Tips for camera-shy kids...
Families are simply a favorite and this is one of my favorite families—so I was super-excited when they asked me to do a family portrait before their eldest headed back to college for the fall semester. I hopped on a call with the mom—because we can cover a lot more ground in a lot less time on a phone conversation than the back-n-forth email scenario.
We tackled the “when” and “where” in no time flat, with a promise to send her my family style guide as soon as I hung up. But before I signed off, the mom started to whisper that she had something she wanted to tell me when we did the family session. Hating the suspense, I asked if she could share it with me then and there. Agreeing, she stepped into the other room…
Her story went something like this: “Our youngest is incredibly camera-shy. Or at least she used to be. At seven, she’s starting to get a little better. Before, if anyone mentioned pictures, she’d get upset. And if you pulled out a camera, she’d try to run away.” Uh oh. That’s pretty camera shy.
A camera-shy kid can be a challenge, but I shared a few tips that I found to have worked in the past:
- Don’t make a big deal about pictures
- When you do mention the photo session, talk up: “It’s gonna be fun. We’re going to go the park and play around and Mrs. Prior will be there to snap a couple photos.”
- Don’t bribe; it doesn’t work. [See my previous post on this one: "Why Bother?] But it’s great to reward: “After we have fun getting our pictures taken, let’s go get milkshakes at Bev's on Cary.”
- Bring a favorite comfort item. This works great if it’s a stuffed animal, but “blankie” can come, too. “Hey, we’re going to take Buckles with us to get his picture taken. How fun is that??”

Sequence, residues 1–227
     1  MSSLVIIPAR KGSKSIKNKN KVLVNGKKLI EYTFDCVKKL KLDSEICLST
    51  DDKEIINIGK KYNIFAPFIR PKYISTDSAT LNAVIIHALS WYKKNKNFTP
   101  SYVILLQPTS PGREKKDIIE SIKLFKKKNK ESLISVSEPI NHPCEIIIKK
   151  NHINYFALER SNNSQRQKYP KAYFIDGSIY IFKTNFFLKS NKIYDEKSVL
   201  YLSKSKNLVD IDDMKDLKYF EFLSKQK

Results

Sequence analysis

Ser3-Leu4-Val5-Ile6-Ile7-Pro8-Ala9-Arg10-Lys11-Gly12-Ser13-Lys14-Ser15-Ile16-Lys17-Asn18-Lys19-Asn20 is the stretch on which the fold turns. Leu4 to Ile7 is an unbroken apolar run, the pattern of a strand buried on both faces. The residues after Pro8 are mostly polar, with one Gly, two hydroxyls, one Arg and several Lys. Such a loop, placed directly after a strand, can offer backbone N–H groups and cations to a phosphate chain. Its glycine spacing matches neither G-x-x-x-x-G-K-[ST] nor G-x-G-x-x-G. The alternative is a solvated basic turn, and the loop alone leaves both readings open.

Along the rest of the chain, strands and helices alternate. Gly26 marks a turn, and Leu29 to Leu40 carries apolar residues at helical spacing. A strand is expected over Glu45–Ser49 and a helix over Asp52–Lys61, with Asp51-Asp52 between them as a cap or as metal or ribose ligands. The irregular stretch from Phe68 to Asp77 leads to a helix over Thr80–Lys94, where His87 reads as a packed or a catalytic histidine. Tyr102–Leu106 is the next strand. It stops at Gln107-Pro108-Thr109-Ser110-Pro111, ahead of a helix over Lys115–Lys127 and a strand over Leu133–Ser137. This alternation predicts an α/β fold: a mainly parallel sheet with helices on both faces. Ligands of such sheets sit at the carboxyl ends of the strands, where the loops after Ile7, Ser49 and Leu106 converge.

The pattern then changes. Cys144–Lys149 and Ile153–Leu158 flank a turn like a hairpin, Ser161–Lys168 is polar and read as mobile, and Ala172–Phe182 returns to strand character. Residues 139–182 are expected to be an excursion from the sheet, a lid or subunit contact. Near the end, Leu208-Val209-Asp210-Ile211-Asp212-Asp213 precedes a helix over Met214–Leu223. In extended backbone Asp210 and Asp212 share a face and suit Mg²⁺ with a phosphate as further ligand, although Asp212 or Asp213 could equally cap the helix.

- Manage expectations. Families are real and photo shoots are real-life. It’s hard not to be disappointed if almost every picture has your youngest pouting, but looking back you’ll realize “it was a season.” I can totally relate!
Honestly, one of my favorite (and most memorable) photos of my kids is one where the youngest is pouting. And I don’t mean a little upside-down of the lips. Think: full-on pout. It was Easter and everyone was dressed in their best so I wanted to get a shot of our three on the front porch. [In hindsight, this may’ve been a little too much to ask on such a busy day. Parenting is a lot of trial and error!] Nate was not a happy participant. I told him (sweetly), “Look, you’re getting your picture taken. You can do it with a frown or you can do it with a smile. But if you do it with a frown, everyone will see it and we’ll have that picture forever.” Yep, he did it with a pout. But you know what? That photo is an authentic representation of life at the time: with three young kids, it was rare that all three were happy at the very same time. And now I can say we have thankfully left those days of pouting behind!
After I shared my tips with this mom, I assured her we’d do our best to make it fun and then play it by ear. And you know what? The youngest greeted me with her favorite stuffed animal and she did AWESOME! In fact, this family session turned out to be one of my favorites. They were a little silly, a lot of fun, and a joy to spend time with—and the final result was a set of stunning photos (see below!).